Well as many of you know I came here alone with nothing. As a non-EU this is not to be recommended. It was as hard as it is possible to be and still is hence my blog telling how it is and can be, the ups and the frequent downs. It's not a fairy tale or Shirley Valentine. It's still very hard, especially financially. Making friends has proved very elusive. I rely on myself and my one French friend. I can say that my life is much richer than it would have been in NZ. The horrible sameness there got to me. Something insisted i get out, change things big time. So I did. Life isn't any easier but it's unpredictable which gives me more hope, the possibility of something great happening which my situation in NZ never did. I was just going down there. Here there's maybe I will find the chance where I can go up. No idea how or when - that's the adventure. What else can one really do except try one's best to encourage positive things and survive all that isn't positive. Luck is definitely involved and when that doesn't happen we need persistence.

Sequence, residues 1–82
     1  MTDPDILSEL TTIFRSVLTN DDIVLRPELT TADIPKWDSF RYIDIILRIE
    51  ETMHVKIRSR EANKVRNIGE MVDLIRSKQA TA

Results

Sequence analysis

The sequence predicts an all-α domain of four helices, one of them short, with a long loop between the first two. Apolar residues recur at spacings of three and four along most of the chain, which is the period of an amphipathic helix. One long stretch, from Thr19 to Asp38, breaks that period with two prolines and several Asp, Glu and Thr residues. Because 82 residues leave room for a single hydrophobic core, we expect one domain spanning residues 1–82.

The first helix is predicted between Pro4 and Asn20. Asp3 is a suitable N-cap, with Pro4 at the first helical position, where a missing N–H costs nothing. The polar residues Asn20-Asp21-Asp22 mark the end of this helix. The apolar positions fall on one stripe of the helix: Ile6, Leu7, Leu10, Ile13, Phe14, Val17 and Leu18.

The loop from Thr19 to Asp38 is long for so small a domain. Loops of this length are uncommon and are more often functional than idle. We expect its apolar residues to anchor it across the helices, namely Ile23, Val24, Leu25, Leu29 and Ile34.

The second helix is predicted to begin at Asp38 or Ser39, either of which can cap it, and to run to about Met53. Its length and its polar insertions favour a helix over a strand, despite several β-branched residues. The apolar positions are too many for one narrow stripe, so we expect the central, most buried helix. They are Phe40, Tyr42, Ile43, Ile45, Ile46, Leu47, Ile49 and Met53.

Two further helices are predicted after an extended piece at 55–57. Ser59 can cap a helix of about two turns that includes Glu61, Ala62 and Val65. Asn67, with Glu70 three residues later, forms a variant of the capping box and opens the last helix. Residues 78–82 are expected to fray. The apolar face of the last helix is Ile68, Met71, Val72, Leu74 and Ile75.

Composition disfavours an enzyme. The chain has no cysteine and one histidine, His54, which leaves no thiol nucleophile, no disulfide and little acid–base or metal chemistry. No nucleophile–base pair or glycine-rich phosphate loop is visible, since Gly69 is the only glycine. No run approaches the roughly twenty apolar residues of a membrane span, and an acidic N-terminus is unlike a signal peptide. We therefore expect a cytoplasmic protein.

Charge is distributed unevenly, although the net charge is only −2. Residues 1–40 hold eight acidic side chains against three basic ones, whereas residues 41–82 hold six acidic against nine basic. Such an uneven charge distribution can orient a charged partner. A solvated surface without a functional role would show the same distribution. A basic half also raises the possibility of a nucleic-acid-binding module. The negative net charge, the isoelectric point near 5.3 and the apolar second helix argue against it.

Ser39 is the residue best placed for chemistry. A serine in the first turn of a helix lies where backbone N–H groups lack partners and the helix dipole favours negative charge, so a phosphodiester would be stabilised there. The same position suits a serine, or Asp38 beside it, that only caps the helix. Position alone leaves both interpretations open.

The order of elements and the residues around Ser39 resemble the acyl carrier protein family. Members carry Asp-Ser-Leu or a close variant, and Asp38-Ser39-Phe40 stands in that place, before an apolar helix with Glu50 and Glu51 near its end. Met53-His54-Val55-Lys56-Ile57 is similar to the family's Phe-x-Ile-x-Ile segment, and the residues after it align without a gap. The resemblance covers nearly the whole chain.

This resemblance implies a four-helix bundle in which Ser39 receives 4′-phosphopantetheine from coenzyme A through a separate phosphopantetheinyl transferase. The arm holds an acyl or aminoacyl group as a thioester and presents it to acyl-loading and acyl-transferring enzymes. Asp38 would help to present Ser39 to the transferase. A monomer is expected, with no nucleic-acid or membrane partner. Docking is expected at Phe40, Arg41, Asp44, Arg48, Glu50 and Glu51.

I moved here on my own 2 years ago with very basic French. I started an awful lot of my conversations with "I'm sorry my French is not very good but ....." and people all seemed happy to help a I was trying my best to speak French. I came here for some quiet as I wanted to write, and therefore shut myself away quite a bit. Some of the forms did cause confusion but I went along and did face to face conversations and asked for help. Research on the computer helped too. I also like my own company and one son who is at uni spends part of his holidays here. There are quite a few things I could join in if I wanted, and people are all very friendly.